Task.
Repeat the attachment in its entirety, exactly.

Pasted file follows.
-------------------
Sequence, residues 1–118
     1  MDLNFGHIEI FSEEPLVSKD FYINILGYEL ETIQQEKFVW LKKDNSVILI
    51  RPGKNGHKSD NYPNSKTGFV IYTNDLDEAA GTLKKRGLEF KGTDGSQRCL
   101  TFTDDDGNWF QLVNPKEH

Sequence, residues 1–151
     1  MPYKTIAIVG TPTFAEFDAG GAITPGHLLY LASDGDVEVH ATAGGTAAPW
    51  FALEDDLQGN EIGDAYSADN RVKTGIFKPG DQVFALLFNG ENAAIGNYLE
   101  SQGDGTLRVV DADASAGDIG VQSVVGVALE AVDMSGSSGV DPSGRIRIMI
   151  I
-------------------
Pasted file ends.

Sequence, residues 1–118
     1  MDLNFGHIEI FSEEPLVSKD FYINILGYEL ETIQQEKFVW LKKDNSVILI
    51  RPGKNGHKSD NYPNSKTGFV IYTNDLDEAA GTLKKRGLEF KGTDGSQRCL
   101  TFTDDDGNWF QLVNPKEH

Sequence, residues 1–151
     1  MPYKTIAIVG TPTFAEFDAG GAITPGHLLY LASDGDVEVH ATAGGTAAPW
    51  FALEDDLQGN EIGDAYSADN RVKTGIFKPG DQVFALLFNG ENAAIGNYLE
   101  SQGDGTLRVV DADASAGDIG VQSVVGVALE AVDMSGSSGV DPSGRIRIMI
   151  I